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The Olympic Spirit And Football

Updated on August 18, 2012
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The Olympic And Football Spirit

Just about everybody who witnessed the 2012 London Olympics has remarked on the tremendous spirit and gamesmanship displayed by the competitors.The Olympic spirit was embedded in the games at its conception, and is still there today.

The football season begins just after the Olympic Games and football players these days are not renowned for their sportsmanship and fair play,but that has not always been the case there was once The Corinthian spirit.

The London Olympics

We have all applauded the wonderful London Olympic Games.It was a fantastic spectacle from the opening to closing ceremonies. Yes, they should be congratulated on a truly memorable event in both performance, sportsmanship and genuine camaraderie that showed warmth to their fellow winning athletes.

Next up is the English football season, and what are we looking forward to? More cheating, arguing with referees,foul language and spitting. Not to mention the diving, faking injuries and bad sportsmanship.There will also be the usual moaning and stroppy interviews from the sore losers.

The Olympic Spirit

For most of us today the meaning of the Olympic spirit is best summed up by the Frenchman Pierre Coubetin, who stated 'It is not the winning that counts, but the taking part".

All the athletes know what It means to play fair,to respect and appreciate your competitors achievements and, in the end enjoying your sport, win or lose.They will have trained hard for four years, and just being there at the games means everything.

They know the true meaning of the Olympic ideal and embrace it to bring peace and friendship to all the competing Nations through hard work, and fair play.

The Corinthian Spirit

Some older football followers will know the Corinthians very well. Corinthians FC were a non competative football team that was formed in 1882 and eventually merged with Corinthian Casuals in 1939.Though they joined the FA,Corinthians were a non competitive club who did not play in the league or FA Cup(they did play in 1923).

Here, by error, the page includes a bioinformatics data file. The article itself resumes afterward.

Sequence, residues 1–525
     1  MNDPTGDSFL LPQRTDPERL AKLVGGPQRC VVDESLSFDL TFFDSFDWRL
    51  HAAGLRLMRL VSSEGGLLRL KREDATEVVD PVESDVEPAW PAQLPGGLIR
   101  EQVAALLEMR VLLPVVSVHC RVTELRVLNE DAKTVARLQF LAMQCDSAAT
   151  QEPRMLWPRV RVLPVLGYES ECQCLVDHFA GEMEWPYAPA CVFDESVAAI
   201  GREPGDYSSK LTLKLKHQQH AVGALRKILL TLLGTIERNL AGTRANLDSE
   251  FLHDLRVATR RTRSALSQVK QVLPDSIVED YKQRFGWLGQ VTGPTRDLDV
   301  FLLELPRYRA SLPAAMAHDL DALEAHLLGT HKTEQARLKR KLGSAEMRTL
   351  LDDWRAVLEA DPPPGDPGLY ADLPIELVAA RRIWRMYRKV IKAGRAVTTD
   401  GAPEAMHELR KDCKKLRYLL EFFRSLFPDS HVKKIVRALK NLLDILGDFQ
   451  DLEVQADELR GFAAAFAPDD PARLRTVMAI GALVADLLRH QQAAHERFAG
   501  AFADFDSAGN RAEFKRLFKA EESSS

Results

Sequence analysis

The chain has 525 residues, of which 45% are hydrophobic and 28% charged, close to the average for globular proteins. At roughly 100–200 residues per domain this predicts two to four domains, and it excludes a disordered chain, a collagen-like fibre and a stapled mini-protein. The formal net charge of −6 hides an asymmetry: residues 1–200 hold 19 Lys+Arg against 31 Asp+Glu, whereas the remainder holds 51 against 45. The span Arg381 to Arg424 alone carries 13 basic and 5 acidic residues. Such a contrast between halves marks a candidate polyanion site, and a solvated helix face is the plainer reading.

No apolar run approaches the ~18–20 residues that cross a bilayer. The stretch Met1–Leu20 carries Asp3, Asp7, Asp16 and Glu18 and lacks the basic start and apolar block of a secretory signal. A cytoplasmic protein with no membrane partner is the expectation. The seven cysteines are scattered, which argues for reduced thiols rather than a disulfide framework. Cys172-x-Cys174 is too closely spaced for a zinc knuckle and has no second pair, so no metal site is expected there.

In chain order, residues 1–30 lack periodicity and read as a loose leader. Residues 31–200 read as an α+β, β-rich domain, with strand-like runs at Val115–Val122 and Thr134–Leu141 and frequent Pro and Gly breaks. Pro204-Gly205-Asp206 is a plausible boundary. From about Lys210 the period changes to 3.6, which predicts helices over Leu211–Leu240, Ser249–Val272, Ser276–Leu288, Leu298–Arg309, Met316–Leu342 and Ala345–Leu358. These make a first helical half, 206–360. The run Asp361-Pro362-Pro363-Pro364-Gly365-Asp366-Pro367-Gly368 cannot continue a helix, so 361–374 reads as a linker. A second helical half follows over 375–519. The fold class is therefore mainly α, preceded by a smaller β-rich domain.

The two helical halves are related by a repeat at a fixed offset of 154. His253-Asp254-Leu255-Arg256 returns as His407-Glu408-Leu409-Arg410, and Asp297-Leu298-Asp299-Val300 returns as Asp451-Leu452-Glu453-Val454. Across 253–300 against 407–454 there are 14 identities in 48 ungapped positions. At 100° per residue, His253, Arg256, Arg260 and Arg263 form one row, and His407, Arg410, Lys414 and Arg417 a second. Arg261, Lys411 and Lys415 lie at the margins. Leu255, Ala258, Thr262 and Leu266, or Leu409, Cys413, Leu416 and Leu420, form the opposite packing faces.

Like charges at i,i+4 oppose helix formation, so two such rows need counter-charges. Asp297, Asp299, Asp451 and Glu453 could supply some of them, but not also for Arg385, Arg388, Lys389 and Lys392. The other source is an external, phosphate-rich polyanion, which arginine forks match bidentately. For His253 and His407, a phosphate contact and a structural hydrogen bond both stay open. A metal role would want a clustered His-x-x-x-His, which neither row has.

The Corinthians were an amateur team who played for the love of the game and not for profit,they would not even play for a trophy!(many sports such as cricket and rugby were amateur sports in the first part of the twentieth century).

Professional tactics were ignored, the gentlemen players relied on instinctive skill and embraced teamwork. They did not argue with the referee,there was no foul language. It was morals and fair play that counted, and not winning. The Corinthians would always make sure they gained no advantage when opposition players were injured or sent off as they immediately volunteered to take off one of their own players.

That was the Corinthian spirit

Many Corinthians went on to play for England in their early days , and they even beat Manchester Utd. by11 goals to 3.

Money And Football

Could any sport survive without professionalism and money? The media crave football and the clubs don't care where the money comes from, the players are hawked around and most of them don't care are as long as their wages are going up and the money rolls in.

It is now over 100 years ago since footballers were bought and sold, but the game has survived, and winning and losing is as important as ever.Many football clubs do not make a profit.

For most football clubs it just about survival.Can we learn anything from the Corinthian Spirit?

Do We Need To Bring Back The Corinthian Spirit

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    • B in blogs profile image

      B in blogs 5 years ago from Alabama, USA

      I am a football fan of a different sort ( college football- the American version), but I suppose I can sympathize with you. Actually I think I'd read a farm report you wrote because of the "accent" I detect in your writing. I cannot wait until someone asks me why I'm in a bad mood again, I'm going to tell them I'm "stroppy" not cranky (lol). Good hub, interesting.

    • CyclingFitness profile image

      Liam Hallam 5 years ago from Nottingham UK

      As a sport football should have a place in theolympics but it's culture seems rotten to the core.

      However even at the Olympics there were such incidences of cheating. I was at the brazil vs Honduras Olympic soccer qf. What I saw from Neymar was a player who continually tried to manipulate the referee and dive. It got to a point where the crowd booed every time he got the ball

      Part of the problem with football is the glorification of those cheats. Whether its Christiano Ronaldo or Maradona they've manipulated and cheated for their gains. Ronaldo's inability to stay on his feet would be greatly influenced if he was forced to play the game in a wheelchair.

    • Arren123 profile image

      Arren123 5 years ago from UK

      The Olympics in London was amazing, London was buzzing, the atmosphere was wonderful, I won’t forget Mo Farel, winning the 10,000 metres, as I stood and watch it in Hyde Park along with thousands of other people, all having a super time. Yes the Olympics and sportsmanship so unlike football which I bitly hate to the core. Football seems to take over everything, and as you have mentioned all the silly things that football brings, cheating, arguing with referees, foul language, diving, faking injuries and bad sportsmanship. I just can’t wait for the end of the season all ready. Football need to take a long good look at itself. One thing I would do and that’s cut the wages, and bring them into really terms and not some sky high wages, no wonder most clubs are in debt. Super hub, thanks for sharing